Electrifying the future of mobility and debunking EV myths | The Financial Express

Electrifying the future of mobility and debunking EV myths

The advancements in the Indian EV sector have been further augmented and accelerated by slew of policies and initiatives introduced by the Government of India and various State Governments.

Electrifying the future of mobility and debunking EV myths
Anant Badjatya, CEO, Sun Mobility

Anant Badjatya

Over the last few years, the transformation of the electric vehicle industry in India has been nothing short of revolutionary. The country has witnessed a first-of-its-kind convergence of evolving energy consumption, shared economy culture, and enhanced connectivity that are now collectively driving the future of mobility in India spearheaded by EVs. These mobility systems also continue to evolve as a result of emerging business models and technological advancements, thereby having an unparalleled impact on mobility as a whole.

The advancements in the Indian EV sector have been further augmented and accelerated by slew of policies and initiatives introduced by the Government of India and various State Governments. The extent of the positive impact that these reforms have had on the industry can be witnessed in the IVCA-EY-IndusLaw report that states that over 3,30,000 EVs were sold in 2021 and suggests this number will breach the 90 lakh mark by 2027. Prime Minister Narendra Modi recently reaffirmed that the EV sector in India has a bright future.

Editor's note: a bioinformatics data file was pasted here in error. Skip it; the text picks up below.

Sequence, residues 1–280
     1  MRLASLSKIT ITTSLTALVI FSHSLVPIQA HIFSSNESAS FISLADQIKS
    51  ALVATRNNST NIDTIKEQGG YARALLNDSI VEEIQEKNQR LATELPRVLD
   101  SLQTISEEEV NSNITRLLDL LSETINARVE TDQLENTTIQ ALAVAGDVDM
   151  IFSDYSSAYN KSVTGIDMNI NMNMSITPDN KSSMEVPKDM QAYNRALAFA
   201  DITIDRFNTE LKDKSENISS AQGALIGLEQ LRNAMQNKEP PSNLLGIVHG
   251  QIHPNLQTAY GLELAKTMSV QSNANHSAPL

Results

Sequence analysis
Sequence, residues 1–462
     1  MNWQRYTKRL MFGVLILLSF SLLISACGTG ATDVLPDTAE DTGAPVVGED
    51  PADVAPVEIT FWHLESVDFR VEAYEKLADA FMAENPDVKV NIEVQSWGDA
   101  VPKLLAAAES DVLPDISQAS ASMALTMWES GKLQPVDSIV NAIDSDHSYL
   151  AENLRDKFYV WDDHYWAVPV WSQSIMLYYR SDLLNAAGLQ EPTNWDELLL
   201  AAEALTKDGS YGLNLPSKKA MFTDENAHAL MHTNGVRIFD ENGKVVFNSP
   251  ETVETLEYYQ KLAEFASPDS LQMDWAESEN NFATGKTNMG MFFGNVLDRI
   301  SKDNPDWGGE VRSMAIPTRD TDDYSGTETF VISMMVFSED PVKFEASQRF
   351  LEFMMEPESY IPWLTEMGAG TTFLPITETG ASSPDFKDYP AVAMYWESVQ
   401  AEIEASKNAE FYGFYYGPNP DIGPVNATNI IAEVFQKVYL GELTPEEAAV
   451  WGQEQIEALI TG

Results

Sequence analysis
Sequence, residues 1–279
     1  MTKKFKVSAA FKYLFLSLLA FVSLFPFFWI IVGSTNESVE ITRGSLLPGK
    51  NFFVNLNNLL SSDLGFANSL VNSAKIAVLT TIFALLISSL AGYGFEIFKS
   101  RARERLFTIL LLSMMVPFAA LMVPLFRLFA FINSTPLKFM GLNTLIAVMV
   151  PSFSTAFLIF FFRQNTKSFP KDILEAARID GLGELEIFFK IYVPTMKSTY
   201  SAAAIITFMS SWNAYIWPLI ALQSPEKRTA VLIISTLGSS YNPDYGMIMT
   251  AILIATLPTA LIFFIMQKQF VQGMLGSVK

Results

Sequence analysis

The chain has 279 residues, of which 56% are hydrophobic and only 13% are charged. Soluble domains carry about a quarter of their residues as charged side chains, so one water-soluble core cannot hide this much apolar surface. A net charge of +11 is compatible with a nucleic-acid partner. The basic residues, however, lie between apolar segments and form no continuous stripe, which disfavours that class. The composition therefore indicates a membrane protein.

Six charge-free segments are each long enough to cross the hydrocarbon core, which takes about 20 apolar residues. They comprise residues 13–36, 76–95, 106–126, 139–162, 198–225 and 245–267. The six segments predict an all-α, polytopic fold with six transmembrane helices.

Electric vehicles constitute an extremely promising space in the Indian automotive industry which is a sector that contributes significantly to the country’s domestic economy. However, the nation’s robust auto sector and high domestic demand for automobiles are not without their own share of challenges and preconceived notions.